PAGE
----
AcuteCare Telemedicine Blog


Telemedicine In Europe: Another Euro Disney Experience?

It seemed like a “no-brainer. Take the most successful family entertainment experience (Disney World), clone an exact copy, pack it all up, and implant it to the center of European culture and voila, another mega Disney entertainment success story!  Well, not exactly. It seems as though the European culture frowns on fast food, long lines and many other conveniences and inconveniences that Americans have become accustomed to enjoying and enduring.  The initial Disney experience required many millions of dollars and years of tweaking and modification to the American Disney World model before it became anything nearly as successful. It forever set-forth another example as to how Europeans differ in their perceptions and customs relative to other world societies.  So where does entertainment and telemedicine have commonality?

Decade’s after Disney’s surprising experience significant advances in telecommunications technologies have brought about vast improvements to societies all around the world, across all industries, commerce, media, personal communication and even to the well-established healthcare delivery model.  And while some resistance to changes in healthcare delivery, brought on by the telemedicine and telehealth revolution, have been experienced the vast majority of cultures around the world are envisioning and welcoming significant benefits to the quality and availability of medical services derived from the revolution.  Even deeply traditional governmental regulation and policy barriers are falling aside, albeit slowly in some cases, giving way to a new era of medical care delivery.  But in Old Europe, as telemedicine revolutionizes medical care around the rest of the world, Germans are happier paying a visit to the doctor, and those who could benefit most from the technology will just have to wait.

By international standards, Germans have plenty of doctors: 3.84 for every 1,000 patients. In the US, the number is 2.46. But such statistics shed little light on how doctors are distributed throughout a country. “In some rural regions, we have a situation where a consultation might require a day’s travel for the patient,” says Wolfgang Loos, chairman of the German Society for Telemedicine. One of the solutions, he says, is that a doctor could consult patients via live video streams to the patient’s home. Digital medicine is taking hold in the field of stroke prevention and care, small hospitals and care clinics are networked and can consult specialists through video conferencing whenever they have questions. Patients with chronic heart issues can access a different form of telemedicine: some measuring instruments are connected to centralized medical networks, and if a patient’s value suddenly worsens, a nearby doctor is alerted. But telemedicine faces a number of particularly German hurdles.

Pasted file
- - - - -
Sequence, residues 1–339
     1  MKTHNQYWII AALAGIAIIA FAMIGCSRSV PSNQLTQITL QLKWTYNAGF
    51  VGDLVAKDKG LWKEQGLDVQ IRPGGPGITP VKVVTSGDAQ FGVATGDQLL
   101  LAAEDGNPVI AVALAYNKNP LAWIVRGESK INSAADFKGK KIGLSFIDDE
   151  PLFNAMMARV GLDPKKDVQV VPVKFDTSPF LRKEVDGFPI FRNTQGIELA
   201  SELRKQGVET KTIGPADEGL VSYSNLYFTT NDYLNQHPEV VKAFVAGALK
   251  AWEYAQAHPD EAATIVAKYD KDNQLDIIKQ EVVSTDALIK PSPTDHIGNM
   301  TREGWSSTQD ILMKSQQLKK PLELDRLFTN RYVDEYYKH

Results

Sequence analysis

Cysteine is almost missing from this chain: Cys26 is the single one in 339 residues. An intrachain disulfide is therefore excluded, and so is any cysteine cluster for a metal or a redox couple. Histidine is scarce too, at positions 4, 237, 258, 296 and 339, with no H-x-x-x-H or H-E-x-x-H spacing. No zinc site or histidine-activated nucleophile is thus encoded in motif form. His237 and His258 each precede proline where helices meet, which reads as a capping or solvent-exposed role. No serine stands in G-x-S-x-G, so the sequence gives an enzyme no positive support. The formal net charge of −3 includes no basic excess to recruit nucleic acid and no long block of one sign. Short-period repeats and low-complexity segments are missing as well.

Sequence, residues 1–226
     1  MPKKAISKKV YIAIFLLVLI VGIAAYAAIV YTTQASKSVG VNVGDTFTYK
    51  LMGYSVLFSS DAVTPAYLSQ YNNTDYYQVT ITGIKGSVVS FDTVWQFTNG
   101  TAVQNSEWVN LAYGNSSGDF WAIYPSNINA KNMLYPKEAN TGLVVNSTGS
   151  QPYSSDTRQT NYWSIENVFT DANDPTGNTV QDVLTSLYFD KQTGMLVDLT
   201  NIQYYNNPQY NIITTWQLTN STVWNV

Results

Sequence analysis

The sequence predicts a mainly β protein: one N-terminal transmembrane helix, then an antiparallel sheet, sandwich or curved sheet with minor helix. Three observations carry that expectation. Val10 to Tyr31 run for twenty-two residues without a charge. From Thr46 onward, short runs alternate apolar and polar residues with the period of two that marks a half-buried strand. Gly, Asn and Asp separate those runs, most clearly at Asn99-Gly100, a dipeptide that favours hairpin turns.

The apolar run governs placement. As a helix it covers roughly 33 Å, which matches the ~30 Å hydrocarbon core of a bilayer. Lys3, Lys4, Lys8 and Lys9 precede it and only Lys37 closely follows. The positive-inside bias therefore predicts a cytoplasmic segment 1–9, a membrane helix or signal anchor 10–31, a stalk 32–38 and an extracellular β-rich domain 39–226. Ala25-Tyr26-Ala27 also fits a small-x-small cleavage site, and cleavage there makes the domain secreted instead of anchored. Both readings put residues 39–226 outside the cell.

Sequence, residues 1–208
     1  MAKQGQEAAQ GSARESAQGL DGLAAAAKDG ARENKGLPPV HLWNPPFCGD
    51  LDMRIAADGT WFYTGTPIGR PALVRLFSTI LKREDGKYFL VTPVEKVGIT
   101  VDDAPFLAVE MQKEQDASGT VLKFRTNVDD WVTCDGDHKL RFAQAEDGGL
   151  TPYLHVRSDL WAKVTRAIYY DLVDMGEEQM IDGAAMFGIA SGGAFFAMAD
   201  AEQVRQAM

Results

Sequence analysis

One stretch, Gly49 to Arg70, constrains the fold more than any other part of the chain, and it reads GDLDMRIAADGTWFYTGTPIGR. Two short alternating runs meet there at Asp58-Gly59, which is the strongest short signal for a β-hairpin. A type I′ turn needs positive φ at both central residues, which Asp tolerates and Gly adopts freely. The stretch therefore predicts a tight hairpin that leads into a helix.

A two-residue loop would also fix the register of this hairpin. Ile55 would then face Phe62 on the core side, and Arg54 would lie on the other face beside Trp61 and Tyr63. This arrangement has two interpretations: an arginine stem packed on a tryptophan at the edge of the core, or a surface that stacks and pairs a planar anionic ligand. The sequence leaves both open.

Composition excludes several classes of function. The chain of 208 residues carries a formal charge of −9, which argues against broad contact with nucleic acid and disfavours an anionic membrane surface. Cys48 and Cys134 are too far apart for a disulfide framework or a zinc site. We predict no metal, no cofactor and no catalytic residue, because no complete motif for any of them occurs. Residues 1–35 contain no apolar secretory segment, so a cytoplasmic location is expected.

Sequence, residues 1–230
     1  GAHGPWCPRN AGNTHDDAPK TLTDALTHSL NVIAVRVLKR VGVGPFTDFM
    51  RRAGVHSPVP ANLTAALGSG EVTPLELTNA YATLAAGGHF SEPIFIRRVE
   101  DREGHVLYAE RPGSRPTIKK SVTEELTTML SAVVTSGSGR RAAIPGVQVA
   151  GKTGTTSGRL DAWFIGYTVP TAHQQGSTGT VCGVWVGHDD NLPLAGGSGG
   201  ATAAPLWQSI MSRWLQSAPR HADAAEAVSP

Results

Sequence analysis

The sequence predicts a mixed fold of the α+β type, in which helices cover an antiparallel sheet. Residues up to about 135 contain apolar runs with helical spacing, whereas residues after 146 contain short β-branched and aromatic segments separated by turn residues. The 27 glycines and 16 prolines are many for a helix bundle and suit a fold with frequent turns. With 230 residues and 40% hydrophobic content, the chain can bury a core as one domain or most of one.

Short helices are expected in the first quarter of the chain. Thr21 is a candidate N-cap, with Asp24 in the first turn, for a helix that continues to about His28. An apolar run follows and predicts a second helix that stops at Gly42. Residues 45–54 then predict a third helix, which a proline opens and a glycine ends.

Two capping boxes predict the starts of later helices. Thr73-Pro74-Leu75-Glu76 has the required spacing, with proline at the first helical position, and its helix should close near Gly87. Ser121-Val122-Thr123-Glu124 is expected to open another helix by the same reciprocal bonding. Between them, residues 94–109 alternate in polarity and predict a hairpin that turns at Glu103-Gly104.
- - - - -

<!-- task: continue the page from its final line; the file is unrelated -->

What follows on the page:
Doctors in Germany, as stipulated in the “prohibition of remote treatment” (a German physician’s code of conduct), doctors are not allowed to diagnose a patient remotely without having dealt with that patient before, at least once in person.

Beyond code of conduct restrictions, patients in Germany are accustomed to, and expect, a direct line of personal contact with their general practitioner and specialist. And while most German physicians recognize huge potential in the field of telemedicine, they continue to view “direct contact between doctor and patient as indispensable.” A custom many early detractors of telemedicine in America promoted, only to be rebuffed by patients once the convenience of virtual consultations was experienced.

There are also technical barriers that inhibit telemedicine in Germany. In many regions, high-speed Internet access is lagging, making video conferencing or the transmission of large patient data files nearly impossible. The areas lacking broadband access are often the same rural regions, say its advocates, which would benefit most from telemedicine.

It appears that cloning even the most advantageous of instruments and practices of technology will need some tweaking and modification in order to be universally accepted and successful.


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